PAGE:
The daughter of a miner who drowned in an industrial accident says she won’t give up her fight for justice, even though prosecutors have decided not to lay criminal charges in her father’s death.
John Wilson, 61, died when the excavator he was operating overturned into a water-filled sump at the Craigmont Mine near Merritt in February 2008.
“He was on the crest of his retirement, and to work so hard all of his life and to lose his life at work at that stage is a tragedy,” Tammy Savinkoff said through tears Wednesday.
“And to have grandchildren that will never get to really know him is so upsetting.”
The province’s Criminal Justice Branch announced earlier this month that charges wouldn’t be laid in the case because there wasn’t a likelihood of conviction against the mine, its manager or a supervisor.
The branch also announced the six-month time limit to lay charges under the Mines Act had expired.
“It outrages me, it really upsets all of us,” said Savinkoff, one of Wilson’s two daughters.
“It kind of brings it all up again to the forefront, where you’ve kind of been thinking OK, there’s this outlet for justice for my dad, and now that door, in essence, has been closed as far as the Crown’s concerned,” she said, calling her father a fun-loving guy.
However, Savinkoff said there is still the chance of a private prosecution. Last week, the United Steelworkers union announced it is considering such a move.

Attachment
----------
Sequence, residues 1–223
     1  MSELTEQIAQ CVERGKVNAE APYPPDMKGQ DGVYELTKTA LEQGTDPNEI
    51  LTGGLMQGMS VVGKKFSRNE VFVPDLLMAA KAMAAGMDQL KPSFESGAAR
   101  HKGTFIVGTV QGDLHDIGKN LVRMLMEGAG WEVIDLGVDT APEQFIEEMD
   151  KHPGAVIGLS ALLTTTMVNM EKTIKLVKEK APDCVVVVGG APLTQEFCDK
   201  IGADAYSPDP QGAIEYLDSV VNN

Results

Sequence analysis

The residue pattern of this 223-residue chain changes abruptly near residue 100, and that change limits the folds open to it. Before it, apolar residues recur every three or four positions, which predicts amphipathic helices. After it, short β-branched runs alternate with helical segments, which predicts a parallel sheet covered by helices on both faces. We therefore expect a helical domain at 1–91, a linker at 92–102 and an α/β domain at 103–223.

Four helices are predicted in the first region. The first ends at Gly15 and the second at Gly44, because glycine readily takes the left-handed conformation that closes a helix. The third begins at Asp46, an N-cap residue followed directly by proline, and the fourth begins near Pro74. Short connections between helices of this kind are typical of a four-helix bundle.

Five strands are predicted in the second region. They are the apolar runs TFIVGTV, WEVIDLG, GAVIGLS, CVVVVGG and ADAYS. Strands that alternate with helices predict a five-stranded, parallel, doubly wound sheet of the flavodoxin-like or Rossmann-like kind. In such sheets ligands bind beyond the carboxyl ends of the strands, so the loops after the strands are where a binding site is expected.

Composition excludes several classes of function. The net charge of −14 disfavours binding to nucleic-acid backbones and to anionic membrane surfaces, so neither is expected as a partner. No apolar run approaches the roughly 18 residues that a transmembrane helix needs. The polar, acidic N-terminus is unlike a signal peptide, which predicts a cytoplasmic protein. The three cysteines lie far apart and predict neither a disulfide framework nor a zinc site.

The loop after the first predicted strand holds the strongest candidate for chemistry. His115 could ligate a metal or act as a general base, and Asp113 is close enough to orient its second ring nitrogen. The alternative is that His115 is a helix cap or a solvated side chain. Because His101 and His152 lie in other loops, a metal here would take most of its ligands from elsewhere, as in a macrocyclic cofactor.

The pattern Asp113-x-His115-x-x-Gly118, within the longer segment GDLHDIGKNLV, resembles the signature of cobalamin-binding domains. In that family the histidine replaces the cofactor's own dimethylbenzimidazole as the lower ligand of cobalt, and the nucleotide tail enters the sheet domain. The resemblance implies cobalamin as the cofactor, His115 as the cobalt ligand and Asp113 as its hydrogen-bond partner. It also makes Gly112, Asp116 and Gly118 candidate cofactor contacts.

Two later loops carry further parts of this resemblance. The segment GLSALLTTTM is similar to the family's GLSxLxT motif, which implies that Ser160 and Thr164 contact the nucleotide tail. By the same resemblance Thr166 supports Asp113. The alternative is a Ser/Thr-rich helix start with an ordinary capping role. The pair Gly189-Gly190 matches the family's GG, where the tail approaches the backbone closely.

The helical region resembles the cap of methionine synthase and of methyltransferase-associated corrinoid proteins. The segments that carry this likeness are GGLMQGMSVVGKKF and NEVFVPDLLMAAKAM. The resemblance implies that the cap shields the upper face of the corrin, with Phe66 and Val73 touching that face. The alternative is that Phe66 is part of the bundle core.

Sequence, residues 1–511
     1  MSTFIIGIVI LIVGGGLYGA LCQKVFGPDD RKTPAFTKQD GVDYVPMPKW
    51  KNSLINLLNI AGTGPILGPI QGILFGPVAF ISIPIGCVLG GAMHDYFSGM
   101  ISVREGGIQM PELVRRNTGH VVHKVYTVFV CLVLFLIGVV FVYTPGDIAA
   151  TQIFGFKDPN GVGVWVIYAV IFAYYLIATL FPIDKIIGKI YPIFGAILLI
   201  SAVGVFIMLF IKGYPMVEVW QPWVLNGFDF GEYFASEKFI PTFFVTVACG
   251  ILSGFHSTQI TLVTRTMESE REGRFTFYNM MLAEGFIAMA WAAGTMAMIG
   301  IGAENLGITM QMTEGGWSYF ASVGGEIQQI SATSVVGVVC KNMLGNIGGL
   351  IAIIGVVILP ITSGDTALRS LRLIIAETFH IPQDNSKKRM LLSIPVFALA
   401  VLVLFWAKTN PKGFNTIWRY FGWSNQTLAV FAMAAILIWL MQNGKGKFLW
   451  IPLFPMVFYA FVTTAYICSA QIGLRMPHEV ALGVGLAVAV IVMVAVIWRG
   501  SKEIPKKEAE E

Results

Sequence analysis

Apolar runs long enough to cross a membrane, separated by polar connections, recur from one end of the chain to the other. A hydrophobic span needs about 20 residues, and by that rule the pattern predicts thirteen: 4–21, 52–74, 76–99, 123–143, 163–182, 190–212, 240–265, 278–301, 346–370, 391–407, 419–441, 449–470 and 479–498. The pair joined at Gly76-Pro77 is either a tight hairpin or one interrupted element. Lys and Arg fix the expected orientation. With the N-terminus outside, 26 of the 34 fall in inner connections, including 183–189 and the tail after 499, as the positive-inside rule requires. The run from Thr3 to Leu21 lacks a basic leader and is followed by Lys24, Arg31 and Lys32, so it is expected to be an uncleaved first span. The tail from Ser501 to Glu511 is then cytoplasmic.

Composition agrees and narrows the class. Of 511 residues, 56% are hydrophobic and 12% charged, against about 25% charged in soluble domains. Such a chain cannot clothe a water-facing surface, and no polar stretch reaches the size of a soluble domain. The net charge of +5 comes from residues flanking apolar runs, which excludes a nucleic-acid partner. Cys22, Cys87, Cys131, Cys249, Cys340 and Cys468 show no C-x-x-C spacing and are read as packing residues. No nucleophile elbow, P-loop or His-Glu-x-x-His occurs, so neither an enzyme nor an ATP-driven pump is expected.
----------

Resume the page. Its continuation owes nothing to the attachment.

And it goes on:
Earlier Wednesday, Savinkoff and her sister, Tracy Wilson, said in a joint statement that the initial investigation was incomplete, inadequate and ineffective.
They also said the RCMP investigation was painfully slow and often interrupted, while the Crown’s reasons for clearing the mining firm lacked facts including information from the inspector of mines.
Prosecution or not, Savinkoff said she’d like the six-month time limit for prosecution under the Mines Act increased and police given more training on investigating workplace accidents.
According to a Oct. 4 statement by the Criminal Justice Branch, Wilson was operating an excavator in a low-lying area of the mine site when the accident occurred.
The excavator’s cab had a single door, although there was a hatch on the roof of the cab and windows. On top of the cab, though, was a brush guard that protected it from falling objects.
The branch said a metal pin in the brush guard prevented the hatch from opening, and screens covered the windows.
As a result, the hatch on top of the cab couldn’t be used because of the brush guard, it said.
“It is not clear, from the evidence as a whole, whether the loss of this means of egress factually contributed to Mr. Wilson’s death, in whole or in part.”
The branch said it could not prove the mine manager was aware of the roof hatch situation and did nothing to correct it. It said a training and safety committee operated at the mine, but a review of their records “shows no mention of the brush guard being formally raised or considered as a safety issue.”
Union spokesman Richard Boyce has since challenged those statements, saying investigators didn’t speak to workers who called for bars to be removed from the excavator’s windows and roof, an issue that was raised at more than one safety meeting and would have allowed Wilson to escape.
Boyce said one worker even held onto Wilson’s hand and felt it go limp after the excavator overturned.